The Madras regiment camp is located on this road and a perfect setting for these newly inducted soldiers to get trained in the arms of Mother Nature. The tough training probably gets smoothened a bit due to the beauty around. As I went closer to Coonoor the lush green tea plantations on the slopes, on both the side of the winding road, held my attention and I was trying to capture the beauty of those acres and acres of tea gardens in my Sony H50.
Unlike Coffee plantations, which have a lot of other spice trees and silver oaks intermingled along with the coffee trees itself, the tea plantations were mostly solo and that created great landscapes along the slopes. The workers with those typical Tea Baskets on their backs were picking up leaves and I could spot few wild bison, here along the tea plantations.
The Cinkara tea factory was visible at the top of one of the mountains and is one of the prominent factories here. On the way to Coonoor we have few factories as well, like the Needle factory and the L&T switchgears training centre. Well an ideal setup for a training center I would say :-).
Few point like Lamb’s Rock, Dolphin’s Nose and Sleeping Lady gives you spectacular view of the Nilgiri Mountains from the top. The mountain in front of this point, takes a shape of a sleeping lady and hence the name. The monsoon had casted a magic spell along these mountains and the soft and white clouds floating along these mountains, were sometimes hiding the landscapes of Methupallayam and Coimbatoor, seen as tiny specks from here. The tall peak of Dolphin’s nose gives a real wide view of the cities and villages down and the view extends to miles and miles of land and where finally the sky meets the land at the horizon.
With the Mysore on the other side, which is hardly visible and Methupallayam and Coimbatoor on the other, this place gives you some of the most amazing views of the humangous Nilgiri mountain ranges and the aroma of tea and Nilgiri trees, don’t let you leave this place quite easily.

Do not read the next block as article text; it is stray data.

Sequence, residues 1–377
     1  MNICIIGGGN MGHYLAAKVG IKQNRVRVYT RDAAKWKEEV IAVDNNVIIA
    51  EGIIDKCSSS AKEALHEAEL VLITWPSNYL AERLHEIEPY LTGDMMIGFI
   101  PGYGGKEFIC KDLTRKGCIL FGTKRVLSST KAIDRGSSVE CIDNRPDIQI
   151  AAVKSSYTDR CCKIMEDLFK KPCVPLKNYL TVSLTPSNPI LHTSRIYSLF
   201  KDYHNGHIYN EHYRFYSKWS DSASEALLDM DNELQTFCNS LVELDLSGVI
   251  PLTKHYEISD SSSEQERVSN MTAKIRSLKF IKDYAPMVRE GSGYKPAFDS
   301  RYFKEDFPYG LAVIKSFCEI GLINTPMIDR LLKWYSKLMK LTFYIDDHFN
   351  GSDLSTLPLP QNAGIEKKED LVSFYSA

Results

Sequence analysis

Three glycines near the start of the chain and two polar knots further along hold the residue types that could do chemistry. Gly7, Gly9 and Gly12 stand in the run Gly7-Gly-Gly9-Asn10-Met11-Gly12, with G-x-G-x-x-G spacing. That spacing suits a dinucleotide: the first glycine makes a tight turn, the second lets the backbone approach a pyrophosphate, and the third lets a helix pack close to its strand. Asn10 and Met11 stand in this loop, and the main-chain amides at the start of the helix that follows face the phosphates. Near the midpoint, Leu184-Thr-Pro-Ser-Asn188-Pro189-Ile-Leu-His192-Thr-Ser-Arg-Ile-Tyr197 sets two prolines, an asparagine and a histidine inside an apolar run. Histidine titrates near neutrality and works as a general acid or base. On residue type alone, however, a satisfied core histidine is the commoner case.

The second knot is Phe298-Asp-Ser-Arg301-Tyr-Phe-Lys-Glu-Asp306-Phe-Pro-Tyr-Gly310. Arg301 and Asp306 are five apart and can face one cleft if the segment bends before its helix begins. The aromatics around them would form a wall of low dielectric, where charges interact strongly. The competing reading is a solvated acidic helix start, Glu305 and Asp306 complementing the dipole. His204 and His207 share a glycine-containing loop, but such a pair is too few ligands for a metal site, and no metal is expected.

The ride in Nilgiri mountain railways is something that we really missed. This train track from the colonial age is quite similar to the Dargiling railway line in Himalayas and takes you through the Nilgiri Mountains, closely encountering Nilgiri Jungles. The tall and thick woods of pine trees are replaced with Cyprus greenery near Coonoor and Methupallayam. The bio diversity is mesmerizing. What adds to all this is the abundant natural beauty, the freshness is air, chilled monsoon weather, the dripping sky, winding roads and cute hillside cottages.
The botanical garden is again one more place, where you get to see a diverse set of trees and plants. Even if you are not a botany student this place will keep you busy for few hours with the colors and kinds of diverse varieties of plants and trees.
As we were wandering the streets of Ooty in the evening, Maitri raised this issue that “why she has to keep wearing a raincoat while we were wearing jackets” J We had to pay heed to it, as she wasn’t really happy about it. Finally we got a nice jacket for her and her cribbing, got to an end.
Ooty must have been really beautiful at some point of time, but now the view around can show the inorganic growth of clusters of hotels and residences at hill tops as well as on the slopes. It has become much more commercialized. The pictures displayed in the Derby Green’s rooms and dining halls show the real beauty of Ooty during older days and the current Ooty is no way near to it.
Coonoor on the other hand still retains most of its old world beauty, with less crowded valley, bottle green tea estates spread across, valleys and mountains and the thickness of Nilgiri trees, as you move around the sharp, winding roads of Nilgiri here.